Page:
Posts

Consider making a digital resolution in 2019

Our families are at war with technology and digital communication. At a time when information is more readily available than ever and we can connect with friends and loved ones in an instant, depression and anxiety among young adults and parents increase. Many report feeling disconnected from their families because of technology. So something that was designed with the intention to keep us connected actually makes us feel more lonely!

As beloved children of our heavenly Father, we were designed to be in relationships with one another. The very nature of our triune God points to the interconnectedness of the Father, Son, and Holy Spirit. Our digital age has given us a false sense of interconnectedness by giving us so much information that we assume our relationships are more complete than they might actually be. Instead, we are lonely because we’ve stopped looking into each other’s eyes, and we’re anxious because we feel that we need to post or perform to receive attention.

This year, consider making a digital resolution to turn off the smartphone at dinner; forget the in-the-moment Facebook post; and talk face to face with family, friends, and especially your children.

Your commitment to set a digital resolution in 2019 could include:

  • Setting a specific time and place for technology use in your home.
  • Having all family members agree on when to unplug, perhaps during family meal times and at the same time every night.
  • Committing not to use technology before a specific time on weekends (Mom and Dad, this means you too!).
  • Using the resources on your mobile device to set daily time limits for use for every member in your household. Most Apple and Android devices now include this type of software. Consider a tool like mobicip, which helps parents set healthy limits on their children’s digital experiences (as well as their own!).

When you set limits around your technology use, watch for the Lord to bless your efforts, including more conversation, more face to face time, and perhaps even more hugs.

Laura Reinke and her husband, Matthew, have three teenagers. Laura is a marriage and family therapist at Christian Family Solutions and the director of youth ministry at Trinity, Waukesha, Wisconsin.

Teaching discernment in the digital age

It seems like yesterday when the Lord blessed my husband and me with our three sons, and we began the journey of parenthood in the digital age.

When our oldest was born in 1995, the Internet was brand new to everyone. Being a bit geeky, my husband and I explored tools and techniques for creating websites, which led us to bridging the miles between us and our family and friends, sharing each of our boys’ first-year baby milestones and photos via a website that we updated monthly.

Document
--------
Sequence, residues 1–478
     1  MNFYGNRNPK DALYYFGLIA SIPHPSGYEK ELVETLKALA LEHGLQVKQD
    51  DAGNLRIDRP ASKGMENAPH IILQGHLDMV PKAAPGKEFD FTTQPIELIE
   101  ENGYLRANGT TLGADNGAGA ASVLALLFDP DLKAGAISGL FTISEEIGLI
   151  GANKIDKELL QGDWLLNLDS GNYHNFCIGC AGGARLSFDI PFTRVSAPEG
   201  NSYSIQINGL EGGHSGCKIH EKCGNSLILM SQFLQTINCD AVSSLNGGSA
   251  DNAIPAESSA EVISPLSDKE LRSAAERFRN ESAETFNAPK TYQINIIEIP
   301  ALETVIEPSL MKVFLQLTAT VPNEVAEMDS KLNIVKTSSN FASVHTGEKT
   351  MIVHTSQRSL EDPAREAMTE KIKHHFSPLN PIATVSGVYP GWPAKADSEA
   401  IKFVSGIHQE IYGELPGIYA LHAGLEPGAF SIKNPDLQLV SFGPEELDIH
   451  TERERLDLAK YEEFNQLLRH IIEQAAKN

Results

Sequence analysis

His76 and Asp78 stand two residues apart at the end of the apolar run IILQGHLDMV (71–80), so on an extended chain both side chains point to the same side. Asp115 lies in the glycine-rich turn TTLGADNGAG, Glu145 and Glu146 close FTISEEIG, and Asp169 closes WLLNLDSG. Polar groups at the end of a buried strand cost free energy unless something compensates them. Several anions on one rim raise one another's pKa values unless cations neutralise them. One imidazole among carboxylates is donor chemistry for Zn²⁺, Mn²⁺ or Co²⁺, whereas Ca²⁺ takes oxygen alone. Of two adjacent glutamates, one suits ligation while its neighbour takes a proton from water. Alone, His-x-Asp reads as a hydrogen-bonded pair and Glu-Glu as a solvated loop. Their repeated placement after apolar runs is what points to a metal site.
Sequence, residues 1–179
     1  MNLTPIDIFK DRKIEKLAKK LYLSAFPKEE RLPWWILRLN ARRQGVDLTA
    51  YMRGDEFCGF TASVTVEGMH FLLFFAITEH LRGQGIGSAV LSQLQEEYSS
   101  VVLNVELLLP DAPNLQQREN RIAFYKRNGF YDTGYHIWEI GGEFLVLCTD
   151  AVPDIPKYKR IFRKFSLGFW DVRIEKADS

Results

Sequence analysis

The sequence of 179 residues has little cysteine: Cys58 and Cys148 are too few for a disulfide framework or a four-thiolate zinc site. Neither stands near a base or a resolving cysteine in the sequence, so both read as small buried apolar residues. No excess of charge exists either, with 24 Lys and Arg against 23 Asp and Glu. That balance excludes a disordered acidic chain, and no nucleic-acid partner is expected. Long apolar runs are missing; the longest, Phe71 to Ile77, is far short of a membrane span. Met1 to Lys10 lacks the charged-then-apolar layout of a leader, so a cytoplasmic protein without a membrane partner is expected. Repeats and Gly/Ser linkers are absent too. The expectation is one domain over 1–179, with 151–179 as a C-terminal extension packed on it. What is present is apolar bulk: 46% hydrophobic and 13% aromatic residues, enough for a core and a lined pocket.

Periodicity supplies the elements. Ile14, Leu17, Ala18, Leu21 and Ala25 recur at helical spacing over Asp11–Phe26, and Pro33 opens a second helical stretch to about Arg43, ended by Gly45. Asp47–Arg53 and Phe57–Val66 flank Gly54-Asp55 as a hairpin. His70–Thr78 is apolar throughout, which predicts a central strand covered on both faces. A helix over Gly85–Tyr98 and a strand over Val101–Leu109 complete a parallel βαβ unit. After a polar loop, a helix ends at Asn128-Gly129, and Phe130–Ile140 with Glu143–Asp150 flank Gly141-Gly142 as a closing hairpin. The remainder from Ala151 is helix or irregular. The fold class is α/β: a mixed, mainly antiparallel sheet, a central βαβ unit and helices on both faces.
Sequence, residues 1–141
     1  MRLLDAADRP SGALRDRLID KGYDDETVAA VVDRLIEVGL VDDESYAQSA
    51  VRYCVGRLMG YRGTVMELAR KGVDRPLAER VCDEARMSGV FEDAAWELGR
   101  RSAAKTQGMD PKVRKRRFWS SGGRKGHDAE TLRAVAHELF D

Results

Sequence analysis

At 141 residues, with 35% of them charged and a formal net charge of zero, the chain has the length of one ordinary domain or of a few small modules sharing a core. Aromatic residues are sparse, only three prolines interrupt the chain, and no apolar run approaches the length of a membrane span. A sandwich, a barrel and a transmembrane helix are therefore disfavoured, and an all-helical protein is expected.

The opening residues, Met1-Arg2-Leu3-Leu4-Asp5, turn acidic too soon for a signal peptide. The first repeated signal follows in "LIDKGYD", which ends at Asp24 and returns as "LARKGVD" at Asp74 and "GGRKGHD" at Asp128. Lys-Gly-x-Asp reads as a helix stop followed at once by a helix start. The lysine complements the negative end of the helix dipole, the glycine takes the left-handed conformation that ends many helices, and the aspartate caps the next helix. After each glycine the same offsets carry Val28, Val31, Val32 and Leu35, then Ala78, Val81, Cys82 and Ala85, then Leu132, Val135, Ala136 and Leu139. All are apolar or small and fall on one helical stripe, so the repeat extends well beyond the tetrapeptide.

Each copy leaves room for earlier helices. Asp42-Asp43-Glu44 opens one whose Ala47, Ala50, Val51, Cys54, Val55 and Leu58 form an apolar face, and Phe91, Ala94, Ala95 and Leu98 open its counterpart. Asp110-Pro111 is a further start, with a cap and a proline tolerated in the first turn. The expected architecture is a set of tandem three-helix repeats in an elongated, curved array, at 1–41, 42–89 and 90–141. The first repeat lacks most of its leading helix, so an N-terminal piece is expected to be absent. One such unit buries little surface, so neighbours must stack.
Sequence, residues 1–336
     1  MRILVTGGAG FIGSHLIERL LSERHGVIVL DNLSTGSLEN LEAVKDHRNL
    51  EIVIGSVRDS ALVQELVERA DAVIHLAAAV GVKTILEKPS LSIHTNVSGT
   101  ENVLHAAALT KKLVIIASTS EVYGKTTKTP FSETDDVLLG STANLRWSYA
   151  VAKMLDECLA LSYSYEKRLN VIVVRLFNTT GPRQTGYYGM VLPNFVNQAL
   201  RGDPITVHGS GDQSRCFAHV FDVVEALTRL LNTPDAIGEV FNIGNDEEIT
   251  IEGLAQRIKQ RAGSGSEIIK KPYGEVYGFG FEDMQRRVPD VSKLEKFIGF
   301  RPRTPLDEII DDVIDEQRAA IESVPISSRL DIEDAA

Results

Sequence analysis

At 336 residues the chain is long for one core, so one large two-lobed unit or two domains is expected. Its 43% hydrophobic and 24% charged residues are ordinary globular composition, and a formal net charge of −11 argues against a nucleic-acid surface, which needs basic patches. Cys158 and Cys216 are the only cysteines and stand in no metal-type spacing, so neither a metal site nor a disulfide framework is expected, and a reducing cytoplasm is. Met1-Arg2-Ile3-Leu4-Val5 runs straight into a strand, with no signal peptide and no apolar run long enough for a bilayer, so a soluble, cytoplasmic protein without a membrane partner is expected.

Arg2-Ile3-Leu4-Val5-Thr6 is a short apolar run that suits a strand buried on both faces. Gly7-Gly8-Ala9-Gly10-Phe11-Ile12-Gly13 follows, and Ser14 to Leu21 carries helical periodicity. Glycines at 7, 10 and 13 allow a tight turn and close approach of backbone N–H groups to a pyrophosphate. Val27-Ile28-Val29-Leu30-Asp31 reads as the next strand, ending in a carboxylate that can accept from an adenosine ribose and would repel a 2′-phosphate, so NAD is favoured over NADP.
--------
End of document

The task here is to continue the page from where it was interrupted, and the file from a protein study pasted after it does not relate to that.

Over time, as the boys grew, we continued to share monthly family news and photos using a “cutting-edge” blog platform to house our family website. Together with our sons, we’ve used the Internet to listen to family-friendly podcasts and free audio books, find geocaches and BreakoutEDU solutions, take care of our Webkinz pets, e-mail our favorite authors, learn to program, play games, create videos, design 3-D models, and so much more.

Now our boys are reaching adulthood, and we are fast approaching the empty-nest stage. As I reflect on the years of their childhood, I remember joys and challenges we encountered along the way in relation to technology. In this sinful world, it is impossible to keep our children 100 percent safe from the dangers the Internet invites into our homes. Here are some of the steps we took to guard their safety:

  • Engage with them—Before allowing our boys to visit a website, we tried it out ourselves or sought the opinions of others regarding it. (A great site for reviews of all types of children’s media is commonsensemedia.org.) As they used websites, we used them, too, guiding them along the way and explaining any areas of concern if they came up.
  • Help them create—We used the tools available on the Internet to excite our sons to use it for good and noble purposes. As they learned how to code video games, we encouraged them to expand the program’s capabilities. When their interest was piqued by podcasts, we started a weekly family podcast. Over the years we used our family blog to share the boys’ creative writing, stop-motion Lego movies, and Haiku poetry.
  • Block inappropriate content—Many software solutions for filtering inappropriate Internet content in the home are available. Something we’ve used for many years is OpenDNS, opendns.com/home-internet-security. The free Family Shield and Home plans include parental controls that protect every device in the home.

My husband and I did all of these things with an end goal in mind—giving our sons discerning hearts.

All too quickly our sons have grown up and ventured out into the world alone. Now they must rely on their own judgement regarding the appropriateness of Internet content, and now our prayer is that the lessons learned in their early years will stay with them.

For a comprehensive list of websites to help parents keep their children safe online, visit https://forwardinchrist.net/online-safety-resources.

Sallie Draper and her husband, Kevin, have three sons and live in New Ulm, Minn.